“Thistles as Thick as the Thigh”

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You Are Here:“Thistles as Thick as the Thigh”

By Tanya Stevens; Marketing & Publications Committee Member and RFOV Volunteer

One local character recently told me that he had pulled thistles as thick as his thigh with roots reaching all the way to the other side of the world.  Every pull would trigger a small earthquake in China.  That story may be a tall tale, but some of the plumeless thistles which we encountered last month did indeed resemble small trees.

On Saturday, July 15, the collaboration among city, county and U.S. Forest Service, ACES, Roaring Fork Outdoor Volunteers, Wilderness Workshop and other nonprofits held the 3rd annual weed pull in the Hunter Creek Valley.  The Hunter Creek area is a well-used recreational area where noxious weeds, aka non-native plants, are slowly crowding out local vegetation while providing little forage for wildlife.  This was my second time to participate in the weed pull in Hunter Creek.  Last year, the hot sun, sweat, and flies made me admire the dedication volunteers put into trail work projects, for it’s no easy task.

We didn't leave without a fight

Focusing on plumeless thistle and houndstongue weeds, we split into two groups, and I joined the group headed to the Hummingbird Trail where many users had complained about an inordinate amount of thistles.  Like prospectors, we found “veins” of thistle off-shooting from the trail.  At the very least, the patches of thistle were easily accessible, and the recent rains had softened the soil.  The task was to lop off any budding tips and bag them in order to prevent the weed’s prolific seeding.  Then the wrestling match begins.  A few thistles came out of the ground easily.  But most, and deceptively even small ones, gave a fight.  With a shovel, one would plunge the shovel underneath the roots to lift the majority of the plant out of the soil.  With a tug and a twist, one could then pry the weed out of the ground.  Sometimes, however, the tap root did seem to grow to China, and one had to resort to hacking the tap root in half as far down as possible.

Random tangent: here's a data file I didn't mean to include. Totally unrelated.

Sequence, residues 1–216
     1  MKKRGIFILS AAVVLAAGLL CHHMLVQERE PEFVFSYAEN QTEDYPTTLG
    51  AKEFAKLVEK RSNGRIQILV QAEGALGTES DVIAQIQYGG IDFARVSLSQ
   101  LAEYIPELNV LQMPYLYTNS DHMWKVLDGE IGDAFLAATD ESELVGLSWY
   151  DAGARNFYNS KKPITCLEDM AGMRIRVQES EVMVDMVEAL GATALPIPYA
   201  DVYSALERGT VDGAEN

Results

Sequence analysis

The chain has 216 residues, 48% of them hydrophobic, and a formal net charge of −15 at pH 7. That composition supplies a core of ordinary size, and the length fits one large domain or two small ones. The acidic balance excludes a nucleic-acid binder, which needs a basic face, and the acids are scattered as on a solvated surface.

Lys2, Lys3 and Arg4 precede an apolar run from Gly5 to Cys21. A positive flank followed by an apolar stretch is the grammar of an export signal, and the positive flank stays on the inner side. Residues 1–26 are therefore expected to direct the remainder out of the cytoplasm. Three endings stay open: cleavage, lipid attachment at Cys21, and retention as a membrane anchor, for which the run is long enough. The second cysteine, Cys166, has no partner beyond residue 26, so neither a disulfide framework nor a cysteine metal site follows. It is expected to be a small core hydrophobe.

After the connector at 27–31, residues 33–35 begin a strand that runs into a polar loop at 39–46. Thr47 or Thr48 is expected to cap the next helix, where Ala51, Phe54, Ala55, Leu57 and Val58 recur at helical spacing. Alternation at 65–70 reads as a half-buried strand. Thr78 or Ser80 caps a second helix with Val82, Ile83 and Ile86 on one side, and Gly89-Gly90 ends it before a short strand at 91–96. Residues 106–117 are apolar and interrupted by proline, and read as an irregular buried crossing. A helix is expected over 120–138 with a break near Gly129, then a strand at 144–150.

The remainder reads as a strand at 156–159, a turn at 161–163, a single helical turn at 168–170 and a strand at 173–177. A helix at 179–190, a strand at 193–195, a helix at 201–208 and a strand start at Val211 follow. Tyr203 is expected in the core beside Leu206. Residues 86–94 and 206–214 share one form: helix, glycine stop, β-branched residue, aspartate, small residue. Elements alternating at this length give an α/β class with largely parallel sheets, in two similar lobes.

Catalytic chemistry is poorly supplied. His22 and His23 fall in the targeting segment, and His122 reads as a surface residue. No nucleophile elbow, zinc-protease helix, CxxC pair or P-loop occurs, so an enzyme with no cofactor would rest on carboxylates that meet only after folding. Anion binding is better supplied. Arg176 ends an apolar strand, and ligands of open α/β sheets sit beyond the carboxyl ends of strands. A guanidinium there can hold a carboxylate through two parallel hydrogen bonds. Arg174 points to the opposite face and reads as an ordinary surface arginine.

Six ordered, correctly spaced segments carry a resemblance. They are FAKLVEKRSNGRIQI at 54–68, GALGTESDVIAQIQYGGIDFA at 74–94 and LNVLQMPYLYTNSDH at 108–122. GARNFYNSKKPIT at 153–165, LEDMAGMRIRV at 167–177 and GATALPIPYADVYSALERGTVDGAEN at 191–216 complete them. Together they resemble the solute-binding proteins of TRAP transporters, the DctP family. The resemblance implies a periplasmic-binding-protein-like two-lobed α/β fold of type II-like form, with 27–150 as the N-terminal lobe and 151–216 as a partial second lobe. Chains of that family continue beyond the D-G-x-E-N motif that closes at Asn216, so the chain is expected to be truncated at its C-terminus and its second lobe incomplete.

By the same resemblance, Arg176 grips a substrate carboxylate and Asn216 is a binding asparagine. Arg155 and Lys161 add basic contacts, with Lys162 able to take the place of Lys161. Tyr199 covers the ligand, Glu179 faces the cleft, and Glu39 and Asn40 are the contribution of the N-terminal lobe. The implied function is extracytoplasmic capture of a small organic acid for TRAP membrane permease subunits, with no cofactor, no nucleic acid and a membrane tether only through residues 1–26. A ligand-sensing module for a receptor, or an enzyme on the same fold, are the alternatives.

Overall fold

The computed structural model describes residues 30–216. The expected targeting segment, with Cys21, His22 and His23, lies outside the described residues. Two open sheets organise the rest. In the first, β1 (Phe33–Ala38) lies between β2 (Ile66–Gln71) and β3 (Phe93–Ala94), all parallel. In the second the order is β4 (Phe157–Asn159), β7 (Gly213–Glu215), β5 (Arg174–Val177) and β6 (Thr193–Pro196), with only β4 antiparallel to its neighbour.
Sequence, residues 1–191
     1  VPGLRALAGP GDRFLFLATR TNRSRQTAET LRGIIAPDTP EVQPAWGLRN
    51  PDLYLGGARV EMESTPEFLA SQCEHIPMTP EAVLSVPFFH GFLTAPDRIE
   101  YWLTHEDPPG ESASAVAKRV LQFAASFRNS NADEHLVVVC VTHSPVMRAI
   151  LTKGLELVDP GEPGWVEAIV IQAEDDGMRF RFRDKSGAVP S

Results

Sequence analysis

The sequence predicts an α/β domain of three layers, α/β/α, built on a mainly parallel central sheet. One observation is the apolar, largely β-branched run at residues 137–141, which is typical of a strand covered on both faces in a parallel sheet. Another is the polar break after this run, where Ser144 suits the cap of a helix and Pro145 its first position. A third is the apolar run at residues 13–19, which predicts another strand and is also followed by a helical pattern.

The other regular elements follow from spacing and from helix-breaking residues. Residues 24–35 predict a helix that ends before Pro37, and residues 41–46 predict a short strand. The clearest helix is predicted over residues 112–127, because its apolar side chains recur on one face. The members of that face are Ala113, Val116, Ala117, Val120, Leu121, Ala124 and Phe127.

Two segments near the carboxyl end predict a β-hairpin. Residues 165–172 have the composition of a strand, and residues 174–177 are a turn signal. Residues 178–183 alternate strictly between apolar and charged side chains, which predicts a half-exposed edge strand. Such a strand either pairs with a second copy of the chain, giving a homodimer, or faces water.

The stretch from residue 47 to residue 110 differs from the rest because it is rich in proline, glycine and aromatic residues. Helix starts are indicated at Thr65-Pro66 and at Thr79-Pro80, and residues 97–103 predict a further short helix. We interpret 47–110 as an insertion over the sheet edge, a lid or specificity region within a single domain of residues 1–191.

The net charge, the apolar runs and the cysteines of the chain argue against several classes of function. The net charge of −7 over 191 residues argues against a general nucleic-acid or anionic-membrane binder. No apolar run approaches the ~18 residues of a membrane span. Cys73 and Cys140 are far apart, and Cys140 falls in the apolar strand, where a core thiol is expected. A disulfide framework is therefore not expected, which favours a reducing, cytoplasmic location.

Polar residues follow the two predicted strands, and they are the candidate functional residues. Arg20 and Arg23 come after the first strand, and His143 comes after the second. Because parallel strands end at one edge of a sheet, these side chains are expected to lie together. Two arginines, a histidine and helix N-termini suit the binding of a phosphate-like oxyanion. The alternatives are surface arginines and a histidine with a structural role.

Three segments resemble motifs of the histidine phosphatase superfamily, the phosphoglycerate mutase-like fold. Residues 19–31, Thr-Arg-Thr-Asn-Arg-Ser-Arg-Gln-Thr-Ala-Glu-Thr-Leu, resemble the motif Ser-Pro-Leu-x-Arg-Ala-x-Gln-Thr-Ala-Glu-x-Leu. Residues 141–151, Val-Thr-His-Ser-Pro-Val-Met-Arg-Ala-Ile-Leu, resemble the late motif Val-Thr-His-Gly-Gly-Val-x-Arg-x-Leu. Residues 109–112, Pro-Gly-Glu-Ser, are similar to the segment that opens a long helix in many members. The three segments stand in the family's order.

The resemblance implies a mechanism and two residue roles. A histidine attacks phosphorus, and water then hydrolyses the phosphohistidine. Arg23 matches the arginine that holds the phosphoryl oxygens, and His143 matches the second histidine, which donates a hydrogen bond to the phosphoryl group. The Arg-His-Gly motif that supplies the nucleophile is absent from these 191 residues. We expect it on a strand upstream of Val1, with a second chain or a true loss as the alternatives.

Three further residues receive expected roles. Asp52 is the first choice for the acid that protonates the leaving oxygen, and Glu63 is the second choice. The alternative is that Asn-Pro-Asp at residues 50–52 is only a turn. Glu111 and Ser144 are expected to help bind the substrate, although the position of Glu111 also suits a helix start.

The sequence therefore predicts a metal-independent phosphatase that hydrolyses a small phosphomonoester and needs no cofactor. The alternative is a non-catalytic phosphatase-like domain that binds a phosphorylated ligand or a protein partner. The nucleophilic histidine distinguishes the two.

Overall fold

We ended the day after lopping off as many blooming thistle buds along the Hummingbird Trail from the ridge to the valley floor.  For me, the views of the valley below and the surrounding Volunteers at Hunter Creekmountains made the long day in the sun worthwhile.  Very few houndstongue plants were found in comparison to the year before, possibly due to the dry weather in June and thus, a small blessing in disguise.  Dinner was provided, and after a full day of weed pulling, pizza and beer never tasted so good.


We had an audience

Throughout the weed pull, many passers-by on bike and foot greeted us with heartfelt thanks for our work.  I had wanted to ask them to join us and help with the trail work. The experience brought up the question, “How does one instill an ethos to contribute back and of stewardship?”  As so many others have said, if every user contributes just one day a year to help with trail work, our public lands and trails would then be well-maintained.  The experience not only instilled in me a sense of ownership, but also appreciation of all the hard work that has gone into creating and maintaining our trails.  So, thank you, everyone that put this project together, and I look forward to the next trail project! 

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